Foreclosure auctions aren't for the regular home buyer- they are really for investors, or for those with liquid assets they don't mind gambling with for the reasons already mentioned. You do need all funding available at the time of auction. After attending auctions I quickly found out that most homes that do go to auction are bought back by the lender to either become "Shadow Inventory" or a REO (lender owned home for sale).
There are still ways to get a bargain on a home. The trick is to find one that will qualify for a loan, assuming you will need financing as most purchasers do. Cosmetic fixers are the best as they just need updating and will qualify for a loan. You get to pick what and how it is updated. And it will qualify for any loan! Next up is a more challenged home- it needs a roof, sewer is bad, siding is falling apart, etc. This will take a special loan product, such as a FHA 203K (or similar) that will allow and finance repairs.
There is a whole curve to home pricing as well. Prices go up for the warm months, and down for the cold months. Investors will buy in the dead of winter as they know prices won't get lower. Most home buyers do so in the summer when school is out.
Also worth mentioning is the type of home to get a bargain on. Distressed property, whether REO or a short sale usually sell at a discount. HUD homes also sell at a discount, sometimes substantial. Another possibility is finding a home at auction (not a foreclosure auction). I see more and more homes selling this way, and you can still retain the normal sale aspect (disclosures, inspection period, financing and appraisal).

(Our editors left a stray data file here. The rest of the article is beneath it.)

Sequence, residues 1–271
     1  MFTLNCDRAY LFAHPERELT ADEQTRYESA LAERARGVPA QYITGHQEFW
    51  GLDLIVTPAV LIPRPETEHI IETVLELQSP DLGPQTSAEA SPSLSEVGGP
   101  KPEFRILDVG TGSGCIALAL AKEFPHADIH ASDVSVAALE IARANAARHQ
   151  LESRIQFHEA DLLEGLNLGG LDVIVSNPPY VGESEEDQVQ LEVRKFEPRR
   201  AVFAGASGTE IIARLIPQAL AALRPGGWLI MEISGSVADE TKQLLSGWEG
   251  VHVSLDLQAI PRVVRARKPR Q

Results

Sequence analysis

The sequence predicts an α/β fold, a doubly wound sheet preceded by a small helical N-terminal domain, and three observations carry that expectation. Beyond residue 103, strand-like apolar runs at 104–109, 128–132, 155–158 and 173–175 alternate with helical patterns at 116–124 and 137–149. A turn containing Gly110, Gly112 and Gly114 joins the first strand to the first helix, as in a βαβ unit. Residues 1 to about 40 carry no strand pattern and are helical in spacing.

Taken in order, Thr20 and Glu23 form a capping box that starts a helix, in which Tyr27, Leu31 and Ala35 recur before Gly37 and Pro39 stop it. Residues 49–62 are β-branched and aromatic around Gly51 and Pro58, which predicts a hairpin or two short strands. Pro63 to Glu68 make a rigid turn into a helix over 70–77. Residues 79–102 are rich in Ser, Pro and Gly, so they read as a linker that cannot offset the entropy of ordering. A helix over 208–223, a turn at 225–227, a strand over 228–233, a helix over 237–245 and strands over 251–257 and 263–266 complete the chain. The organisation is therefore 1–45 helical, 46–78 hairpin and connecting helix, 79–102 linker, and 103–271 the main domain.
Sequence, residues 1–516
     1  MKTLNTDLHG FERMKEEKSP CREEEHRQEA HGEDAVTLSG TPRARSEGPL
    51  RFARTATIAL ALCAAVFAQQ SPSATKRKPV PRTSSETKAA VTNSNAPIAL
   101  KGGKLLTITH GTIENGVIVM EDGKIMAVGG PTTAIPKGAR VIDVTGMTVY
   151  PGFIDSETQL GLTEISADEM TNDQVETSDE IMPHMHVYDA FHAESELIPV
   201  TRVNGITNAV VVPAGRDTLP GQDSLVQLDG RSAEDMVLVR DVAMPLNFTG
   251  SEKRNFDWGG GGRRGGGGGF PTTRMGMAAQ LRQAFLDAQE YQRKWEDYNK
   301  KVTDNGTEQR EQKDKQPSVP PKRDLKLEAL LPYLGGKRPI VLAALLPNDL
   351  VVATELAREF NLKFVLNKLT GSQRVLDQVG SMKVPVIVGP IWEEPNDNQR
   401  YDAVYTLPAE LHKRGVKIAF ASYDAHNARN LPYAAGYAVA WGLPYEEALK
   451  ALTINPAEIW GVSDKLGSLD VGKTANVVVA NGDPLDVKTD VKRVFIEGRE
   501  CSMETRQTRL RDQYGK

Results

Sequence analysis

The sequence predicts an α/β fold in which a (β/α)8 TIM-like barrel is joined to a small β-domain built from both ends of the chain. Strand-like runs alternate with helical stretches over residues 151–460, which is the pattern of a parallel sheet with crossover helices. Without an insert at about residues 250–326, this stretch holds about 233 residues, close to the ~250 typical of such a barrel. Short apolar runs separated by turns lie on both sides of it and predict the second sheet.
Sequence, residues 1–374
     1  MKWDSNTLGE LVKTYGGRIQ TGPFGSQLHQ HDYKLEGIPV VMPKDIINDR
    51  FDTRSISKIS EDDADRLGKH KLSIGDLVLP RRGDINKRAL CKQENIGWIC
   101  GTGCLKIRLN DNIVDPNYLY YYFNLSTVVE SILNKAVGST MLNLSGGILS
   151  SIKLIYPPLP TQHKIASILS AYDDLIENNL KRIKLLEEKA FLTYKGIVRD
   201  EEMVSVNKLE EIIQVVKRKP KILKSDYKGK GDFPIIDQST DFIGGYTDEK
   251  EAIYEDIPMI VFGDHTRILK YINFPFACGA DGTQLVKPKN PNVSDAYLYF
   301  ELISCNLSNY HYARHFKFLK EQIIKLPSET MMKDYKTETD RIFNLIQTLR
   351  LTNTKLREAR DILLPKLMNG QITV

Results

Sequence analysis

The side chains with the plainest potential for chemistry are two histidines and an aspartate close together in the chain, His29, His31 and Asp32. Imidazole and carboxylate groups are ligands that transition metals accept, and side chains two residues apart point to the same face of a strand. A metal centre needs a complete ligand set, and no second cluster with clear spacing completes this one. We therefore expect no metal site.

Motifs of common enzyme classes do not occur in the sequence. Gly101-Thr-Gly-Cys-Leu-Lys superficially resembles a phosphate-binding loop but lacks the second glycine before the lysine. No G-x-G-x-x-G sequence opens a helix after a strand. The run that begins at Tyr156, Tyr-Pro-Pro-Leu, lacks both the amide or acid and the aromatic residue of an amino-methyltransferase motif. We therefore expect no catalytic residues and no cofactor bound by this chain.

There are still programs out there to help you get the most for your money. You have to qualify though, so they aren't for everyone. Mortgage Credit Certificate, Urban Renewal areas, and Tax abatement for 10 years are all possibilities.
I have knowledge in all the above areas. If I could be of any assistance feel free to contact me.
There are many amazing homes in the Westmoreland, Sellwood & Woodstock neighborhoods competing with shortsales and foreclosures (1/3 of the Portland Market); in turn, home owners have been forced to reduce their prices and you receive the benefits even on traditional sales. For example, my listing on Evergreen is priced $10,000 less than a sold shortsale directly across the street with similar features, year built & sq/ft. However, if you have the cash and handy with "As-Is" construction an investment in an Auction property can be very rewarding.
Let me know if you would like to schedule a Property Tour - I'm in the neighborhood.
Galen @ 409-7164
Let's chat about these options and see if we can work something out?
Best regards, John Hatch